Anne of Green Gables
I. Mrs. Rachel Lynde is Surprised
Mrs. Rachel Lynde lived just where the Avonlea main road dipped down into a little
hollow, fringed with alders and ladies' eardrops and traversed by a brook that had its
source away back in the woods of the old Cuthbert place; it was reputed to be an
intricate, headlong brook in its earlier course through those woods, with dark secrets of
pool and cascade; but by the time it reached Lynde's Hollow it was a quiet, well-
conducted little stream, for not even a brook could run past Mrs. Rachel Lynde's door
without due regard for decency and decorum; it probably was conscious that Mrs.
Rachel was sitting at her window, keeping a sharp eye on everything that passed, from
brooks and children up, and that if she noticed anything odd or out of place she would
never rest until she had ferreted out the whys and wherefores thereof.
There are plenty of people in Avonlea and out of it, who can attend closely to their
neighbor's business by dint of neglecting their own; but Mrs. Rachel Lynde was one of
those capable creatures who can manage their own concerns and those of other folks
into the bargain. She was a notable housewife; her work was always done and well
done; she "ran" the Sewing Circle, helped run the Sunday-school, and was the
strongest prop of the Church Aid Society and Foreign Missions Auxiliary. Yet with all
this Mrs. Rachel found abundant time to sit for hours at her kitchen window, knitting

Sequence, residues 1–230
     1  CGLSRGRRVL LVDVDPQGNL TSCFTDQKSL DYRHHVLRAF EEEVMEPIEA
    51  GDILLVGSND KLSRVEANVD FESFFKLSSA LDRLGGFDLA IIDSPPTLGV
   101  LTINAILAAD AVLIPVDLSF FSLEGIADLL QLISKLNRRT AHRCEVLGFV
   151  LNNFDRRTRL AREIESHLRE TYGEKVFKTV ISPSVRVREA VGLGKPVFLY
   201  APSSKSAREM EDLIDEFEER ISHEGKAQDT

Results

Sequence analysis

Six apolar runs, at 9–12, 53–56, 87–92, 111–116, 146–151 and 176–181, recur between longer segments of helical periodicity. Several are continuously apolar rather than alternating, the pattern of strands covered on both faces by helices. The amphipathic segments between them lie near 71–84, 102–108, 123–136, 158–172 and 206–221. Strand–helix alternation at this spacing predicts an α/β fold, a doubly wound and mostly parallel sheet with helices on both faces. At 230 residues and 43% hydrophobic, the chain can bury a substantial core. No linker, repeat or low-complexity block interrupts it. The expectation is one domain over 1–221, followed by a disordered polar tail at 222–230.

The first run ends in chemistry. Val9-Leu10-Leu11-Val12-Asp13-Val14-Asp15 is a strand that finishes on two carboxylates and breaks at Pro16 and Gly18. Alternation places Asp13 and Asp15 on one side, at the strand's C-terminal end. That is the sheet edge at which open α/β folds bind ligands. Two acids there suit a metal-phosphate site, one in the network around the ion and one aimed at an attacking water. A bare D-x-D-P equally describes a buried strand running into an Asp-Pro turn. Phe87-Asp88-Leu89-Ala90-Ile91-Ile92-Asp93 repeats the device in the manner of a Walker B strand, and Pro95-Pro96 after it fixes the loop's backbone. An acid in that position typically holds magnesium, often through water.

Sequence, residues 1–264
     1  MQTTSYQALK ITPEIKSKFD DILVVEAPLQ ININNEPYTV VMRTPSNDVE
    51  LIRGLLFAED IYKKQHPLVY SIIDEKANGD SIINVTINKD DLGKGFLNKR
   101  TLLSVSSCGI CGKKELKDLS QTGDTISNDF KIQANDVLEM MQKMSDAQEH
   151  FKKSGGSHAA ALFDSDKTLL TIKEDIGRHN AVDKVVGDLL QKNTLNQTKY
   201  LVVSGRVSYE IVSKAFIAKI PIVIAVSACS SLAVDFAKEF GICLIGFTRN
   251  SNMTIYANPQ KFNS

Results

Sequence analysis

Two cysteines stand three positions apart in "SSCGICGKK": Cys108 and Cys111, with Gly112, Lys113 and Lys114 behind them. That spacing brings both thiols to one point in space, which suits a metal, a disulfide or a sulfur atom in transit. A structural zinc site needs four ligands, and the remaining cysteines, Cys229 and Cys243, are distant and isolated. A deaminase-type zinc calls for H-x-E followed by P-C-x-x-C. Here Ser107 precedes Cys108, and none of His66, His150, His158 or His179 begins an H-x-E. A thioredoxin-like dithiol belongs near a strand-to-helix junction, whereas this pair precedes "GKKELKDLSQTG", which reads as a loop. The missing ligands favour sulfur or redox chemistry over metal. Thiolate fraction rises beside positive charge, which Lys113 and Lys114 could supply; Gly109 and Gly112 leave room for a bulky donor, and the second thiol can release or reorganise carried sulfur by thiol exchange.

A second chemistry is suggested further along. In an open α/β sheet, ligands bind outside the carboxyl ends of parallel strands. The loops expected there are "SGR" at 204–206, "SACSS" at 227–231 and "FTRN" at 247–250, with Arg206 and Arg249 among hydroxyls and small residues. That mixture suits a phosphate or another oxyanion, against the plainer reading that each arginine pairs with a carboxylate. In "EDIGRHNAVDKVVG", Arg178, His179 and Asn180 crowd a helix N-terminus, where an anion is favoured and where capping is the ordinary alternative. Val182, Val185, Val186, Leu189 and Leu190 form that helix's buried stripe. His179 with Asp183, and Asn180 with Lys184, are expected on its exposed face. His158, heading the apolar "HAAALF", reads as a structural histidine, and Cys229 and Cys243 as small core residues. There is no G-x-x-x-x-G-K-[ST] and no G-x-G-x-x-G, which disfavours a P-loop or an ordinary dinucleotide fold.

"cotton warp" quilts--she had knitted sixteen of them, as Avonlea housekeepers were
wont to tell in awed voices--and keeping a sharp eye on the main road that crossed the
hollow and wound up the steep red hill beyond. Since Avonlea occupied a little
triangular peninsula jutting out into the Gulf of St. Lawrence with water on two sides of
it, anybody who went out of it or into it had to pass over that hill road and so run the
unseen gauntlet of Mrs. Rachel's all-seeing eye.
She was sitting there one afternoon in early June. The sun was coming in at the window
warm and bright; the orchard on the slope below the house was in a bridal flush of
pinky- white bloom, hummed over by a myriad of bees. Thomas Lynde-- a meek little
man whom Avonlea people called "Rachel Lynde's husband"--was sowing his late turnip
seed on the hill field beyond the barn; and Matthew Cuthbert ought to have been sowing
his on the big red brook field away over by Green Gables. Mrs. Rachel knew that he
ought because she had heard him tell Peter Morrison the evening before in William J.
Blair's store over at Carmody that he meant to sow his turnip seed the next afternoon.
Peter had asked him, of course, for Matthew Cuthbert had never been known to
volunteer information about anything in his whole life.
And yet here was Matthew Cuthbert, at half-past three on the afternoon of a busy day,
placidly driving over the hollow and up the hill; moreover, he wore a white collar and his
best suit of clothes, which was plain proof that he was going out of Avonlea; and he had